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dc.contributor.authorAye, Win T
dc.contributor.authorLien, Lars
dc.contributor.authorStigum, Hein
dc.contributor.authorWin, Hla H
dc.contributor.authorOo, Tin
dc.contributor.authorBjertness, Espen
dc.date.accessioned2020-01-28T06:03:08Z
dc.date.available2020-01-28T06:03:08Z
dc.date.issued2020
dc.identifier.citationBMC Public Health. 2020 Jan 22;20(1):94
dc.identifier.urihttp://hdl.handle.net/10852/72558
dc.description.abstractBackground Poor mental health is an important contributor to the global burden of disease. Mental health problems are often neglected in communities, and are scarcely studied in developing countries, including Myanmar. This study estimates the prevalence of mental distress by socio-demographic and health related factors, and the association between education and mental distress. As far as the authors are aware, this is the first population-based study in Myanmar estimating the prevalence of mental distress. Methods Between October and November 2016, a cross sectional study was conducted using a multi-stage sampling design with face-to-face interviews using the Hopkins Symptom Checklist (HSCL-10) for mental distress (symptoms of depression and anxiety). The multivariable analysis strategy was based on Directed Acyclic Graphs (DAGs), to identify confounders, mediators and colliders. Pearson’s chi-square was used for testing differences between proportions and multiple linear regression analysis was applied to explore the association between education (years at school) and mental distress (HSCL score). Results A random sample of 2391 (99.6% response) men and women aged 18–49 years participated in the study. The prevalence of mental distress was 18.0% (95% confidence interval (CI): 14.7–21.9), being higher among women (21.2%; 95% (CI): 16.6–26.6) than men (14.9%; 95% (CI): 11.4–19.2). Older-age, being separated or divorced and having a higher number of children were associated with increased mental distress. In linear regression analyses, adjusted for confounders (age, marital status and income), there was a significant negative association between years at school and mental distress among women and older men (> 30 years), but not among the youngest men. Conclusions The prevalence of mental distress is high, and there is an association between HSCL-10 score and education. Due to the scarcity of mental health services in Myanmar, the findings indicate a need for a mental health policy to handle the burden of mental health problems in Yangon, a burden which is probably high within the country.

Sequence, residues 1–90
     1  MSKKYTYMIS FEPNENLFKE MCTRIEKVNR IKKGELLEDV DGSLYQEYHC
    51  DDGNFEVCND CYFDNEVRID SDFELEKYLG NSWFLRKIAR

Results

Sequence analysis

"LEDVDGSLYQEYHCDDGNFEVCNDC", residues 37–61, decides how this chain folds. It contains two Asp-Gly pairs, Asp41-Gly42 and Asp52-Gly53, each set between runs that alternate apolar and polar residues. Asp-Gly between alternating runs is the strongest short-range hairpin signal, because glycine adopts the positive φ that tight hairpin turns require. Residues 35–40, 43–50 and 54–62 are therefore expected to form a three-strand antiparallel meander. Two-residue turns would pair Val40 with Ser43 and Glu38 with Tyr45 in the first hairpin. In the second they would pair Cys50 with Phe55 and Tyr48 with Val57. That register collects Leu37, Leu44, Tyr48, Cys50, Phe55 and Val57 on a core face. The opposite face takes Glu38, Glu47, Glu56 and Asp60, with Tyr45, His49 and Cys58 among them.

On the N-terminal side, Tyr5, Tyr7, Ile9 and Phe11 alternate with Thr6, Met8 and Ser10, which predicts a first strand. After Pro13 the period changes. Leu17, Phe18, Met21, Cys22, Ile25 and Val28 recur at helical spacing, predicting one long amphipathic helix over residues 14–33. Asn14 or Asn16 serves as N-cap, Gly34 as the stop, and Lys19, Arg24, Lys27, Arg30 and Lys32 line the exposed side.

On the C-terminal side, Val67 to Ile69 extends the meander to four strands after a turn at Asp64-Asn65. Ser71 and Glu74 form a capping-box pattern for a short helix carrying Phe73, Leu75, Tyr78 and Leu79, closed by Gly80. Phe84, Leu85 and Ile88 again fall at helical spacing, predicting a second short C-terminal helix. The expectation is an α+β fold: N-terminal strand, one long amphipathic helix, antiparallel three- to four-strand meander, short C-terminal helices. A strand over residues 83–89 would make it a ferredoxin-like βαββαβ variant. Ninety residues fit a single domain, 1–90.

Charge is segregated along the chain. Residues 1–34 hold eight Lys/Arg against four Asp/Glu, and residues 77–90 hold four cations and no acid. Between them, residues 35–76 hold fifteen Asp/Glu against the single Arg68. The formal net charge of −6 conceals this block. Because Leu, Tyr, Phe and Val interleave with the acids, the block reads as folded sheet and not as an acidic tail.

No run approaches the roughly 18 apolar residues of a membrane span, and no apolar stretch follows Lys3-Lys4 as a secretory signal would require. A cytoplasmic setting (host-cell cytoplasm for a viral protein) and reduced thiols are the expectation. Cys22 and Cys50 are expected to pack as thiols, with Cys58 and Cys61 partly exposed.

dc.language.isoeng
dc.rightsThe Author(s).
dc.rightsAttribution 4.0 International
dc.rights.urihttp://creativecommons.org/licenses/by/4.0/
dc.titleThe prevalence of mental distress and the association with education: a cross-sectional study of 18-49-year-old citizens of Yangon Region, Myanmar
dc.typeJournal article
dc.date.updated2020-01-28T06:03:09Z
dc.creator.authorAye, Win T
dc.creator.authorLien, Lars
dc.creator.authorStigum, Hein
dc.creator.authorWin, Hla H
dc.creator.authorOo, Tin
dc.creator.authorBjertness, Espen
dc.identifier.cristin1878143
dc.identifier.doihttps://doi.org/10.1186/s12889-020-8209-8
dc.identifier.urnURN:NBN:no-75684
dc.type.documentTidsskriftartikkel
dc.type.peerreviewedPeer reviewed
dc.identifier.fulltextFulltext https://www.duo.uio.no/bitstream/handle/10852/72558/1/12889_2020_Article_8209.pdf
dc.type.versionPublishedVersion
cristin.articleid94


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